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I have been thinking about this question for a while and did a few googling here and there; but, didn't get anything good. Probably, academia could help.

I am early in my teaching career as a lecturer (I am just 25 now) and also working towards my PhD.

My classes are very interactive and I sometimes become very friendly with my students. Sometimes, I make difficult theory so simple for them to understand in their own language or sense. Maybe that is good for students. However, it kills a lot of my time inside the class.

Sometimes, I can feel that students are trying to take undue advantages of this friendly behavior of mine. They try to become very frank when the papers are evaluated. They just sometimes make my time horrible so that they get a better mark than they deserve. Is it the outcome of my style of teaching?

In general, should a young lecturer be friendly with his/her students, either inside a class or outside of class?

I have felt that here students are more focused on grades than learning something new. (I am making it generalized; however, ratio-wise it is true)

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    I always go by 'be friendly, but not familiar' – user65092 Nov 19 '16 at 10:30
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    Sure, by all means be friendly - maintain a rapport, but keep a 'professional distance'. Set yourself some lesson goals, outline these goals at the start of a lesson and stick to them. Put the onus on problem solving on the students by focusing on what skills they need to develop (alongside the knowledge base) – user65092 Nov 19 '16 at 11:00
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    I have made the mistake of being too friendly with my students while being a TA. They didn't take their homeworks and projects seriously as they should have been. I advice you to keep the distance. – Mikey Mike Nov 19 '16 at 12:07
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    Stuff I wish I'd read when starting out: Krantz's "How to Teach Mathematics", Bain's "What the Best College Teachers Do", "How Learning Works". – Daniel R. Collins Nov 19 '16 at 14:38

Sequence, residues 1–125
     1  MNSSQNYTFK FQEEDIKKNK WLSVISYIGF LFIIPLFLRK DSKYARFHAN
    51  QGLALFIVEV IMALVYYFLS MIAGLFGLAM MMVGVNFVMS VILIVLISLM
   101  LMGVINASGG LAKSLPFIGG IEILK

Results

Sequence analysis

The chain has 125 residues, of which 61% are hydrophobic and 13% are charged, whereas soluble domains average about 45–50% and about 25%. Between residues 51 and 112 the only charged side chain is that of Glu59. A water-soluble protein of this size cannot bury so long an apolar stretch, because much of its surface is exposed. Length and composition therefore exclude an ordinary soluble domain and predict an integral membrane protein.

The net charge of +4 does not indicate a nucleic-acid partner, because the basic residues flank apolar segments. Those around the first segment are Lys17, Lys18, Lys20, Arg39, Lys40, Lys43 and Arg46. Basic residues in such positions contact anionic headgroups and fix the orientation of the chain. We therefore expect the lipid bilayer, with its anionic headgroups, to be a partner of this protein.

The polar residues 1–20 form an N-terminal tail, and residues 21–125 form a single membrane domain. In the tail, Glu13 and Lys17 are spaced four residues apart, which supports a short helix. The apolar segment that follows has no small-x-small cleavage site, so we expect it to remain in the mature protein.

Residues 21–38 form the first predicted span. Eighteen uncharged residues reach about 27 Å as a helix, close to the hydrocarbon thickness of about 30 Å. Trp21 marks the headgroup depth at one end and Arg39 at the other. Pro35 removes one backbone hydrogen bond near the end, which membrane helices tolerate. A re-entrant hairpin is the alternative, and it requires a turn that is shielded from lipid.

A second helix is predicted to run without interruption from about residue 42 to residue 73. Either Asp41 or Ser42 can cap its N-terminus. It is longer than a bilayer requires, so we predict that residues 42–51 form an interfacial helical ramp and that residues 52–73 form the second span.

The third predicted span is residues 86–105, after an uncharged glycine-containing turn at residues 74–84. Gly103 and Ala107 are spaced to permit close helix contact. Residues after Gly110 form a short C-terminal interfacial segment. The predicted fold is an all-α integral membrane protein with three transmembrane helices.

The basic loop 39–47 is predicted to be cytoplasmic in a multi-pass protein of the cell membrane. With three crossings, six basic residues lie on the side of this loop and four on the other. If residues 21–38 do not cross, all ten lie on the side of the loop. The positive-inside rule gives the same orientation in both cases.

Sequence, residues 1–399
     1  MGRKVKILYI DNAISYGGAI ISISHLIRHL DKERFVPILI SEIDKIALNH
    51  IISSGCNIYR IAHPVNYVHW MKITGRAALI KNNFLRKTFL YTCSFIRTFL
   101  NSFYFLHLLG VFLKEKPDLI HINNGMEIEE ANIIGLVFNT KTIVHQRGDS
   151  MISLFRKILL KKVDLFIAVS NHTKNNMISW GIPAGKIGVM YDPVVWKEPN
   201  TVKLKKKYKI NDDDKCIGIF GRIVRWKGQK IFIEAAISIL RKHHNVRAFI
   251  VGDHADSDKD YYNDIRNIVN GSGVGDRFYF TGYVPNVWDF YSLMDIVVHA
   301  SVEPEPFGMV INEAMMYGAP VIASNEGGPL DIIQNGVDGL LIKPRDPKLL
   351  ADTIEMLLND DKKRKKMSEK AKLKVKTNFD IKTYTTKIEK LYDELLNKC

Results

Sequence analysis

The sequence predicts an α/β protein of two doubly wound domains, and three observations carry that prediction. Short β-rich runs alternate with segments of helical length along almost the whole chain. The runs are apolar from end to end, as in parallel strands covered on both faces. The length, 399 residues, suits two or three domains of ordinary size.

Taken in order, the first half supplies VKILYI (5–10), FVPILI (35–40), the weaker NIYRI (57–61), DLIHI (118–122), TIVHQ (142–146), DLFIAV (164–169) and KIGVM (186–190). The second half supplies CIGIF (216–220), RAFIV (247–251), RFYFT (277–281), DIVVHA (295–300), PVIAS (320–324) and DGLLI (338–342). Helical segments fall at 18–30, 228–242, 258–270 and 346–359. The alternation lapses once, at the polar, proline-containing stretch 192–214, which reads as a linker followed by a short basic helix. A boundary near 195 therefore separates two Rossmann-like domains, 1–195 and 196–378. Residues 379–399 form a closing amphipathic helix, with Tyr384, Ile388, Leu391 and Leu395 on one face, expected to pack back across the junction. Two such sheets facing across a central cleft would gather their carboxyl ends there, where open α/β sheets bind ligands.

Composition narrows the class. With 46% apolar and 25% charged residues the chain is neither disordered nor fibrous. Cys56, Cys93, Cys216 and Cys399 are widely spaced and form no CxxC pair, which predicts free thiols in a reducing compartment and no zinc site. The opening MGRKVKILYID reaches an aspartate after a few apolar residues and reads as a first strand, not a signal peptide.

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    @MikeyMike When I was a TA, I was quite good friends with many of my students, and none of them ever tried to take advantage of our relationship. I can certainly imagine situations where it can take away from your effectiveness as a teacher, but in certain school/cultures, I think there is little problem. – Kimball Nov 20 '16 at 0:44
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Krantz in How to Teach Mathematics does actually want to become friends with his students (Sec. 3.1, Breaking the Ice):

Since I so enjoy a class once we have all become friends, I find the period of tooling up to that happy steady state generally too long and too painful. What usually happens is that there is a period of two to five weeks during which the students look at me as though I am from Mars... You should consider ways to make yourself seem like a human being to your students... Find some way to open up to your students so that they will open up to you... My view is that you should show students from day one that you are a person, and that you are going to spend the term doing your best to communicate with them.

But elsewhere gives this warning (Section 2.10, Grading):

You do not want to develop the reputation among students as an instructor with whom grades can be negotiated. I've had this rep, and I don't know how I got it... This process is unpleasant and (can be) degrading both for you and the student. Doing a careful job of grading in the first place, and posting carefully written solutions for students to see, can help to assuage much of student discomfort with grades.

Now, Krantz is a teacher "of long experience" (Sec. 3.1), and I can see this being interpreted differently/incorrectly if you are close in age to your students. Also, this will vary based on your institution and quality/maturity of students that you're getting. In my experience at community colleges, the strategy I was forced to start using early on was to be relatively strict at the start of the semester (adamantly not allowing any bit of variation from the course policies when students test them), and then becoming a bit more flexible and friendly later in the semester.

Added: More Krantz (Section 5.9, Begging and Pleading):

It really is true that if you look and/or act like a student then students will find you more approachable. They will more readily come to you with propositions that they wouldn't consider broaching with a more wizened (or older) faculty member. In short, younger faculty are more vulnerable. This is one reason for dressing differently from students and maintaining a slight distance. Again, this may sound cold. But I speak here from hard personal experience.

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    Your experience which you shared last will be very helpful to me. Thanks for the post. Next semester i should try. (+1) – Coder Nov 19 '16 at 18:29

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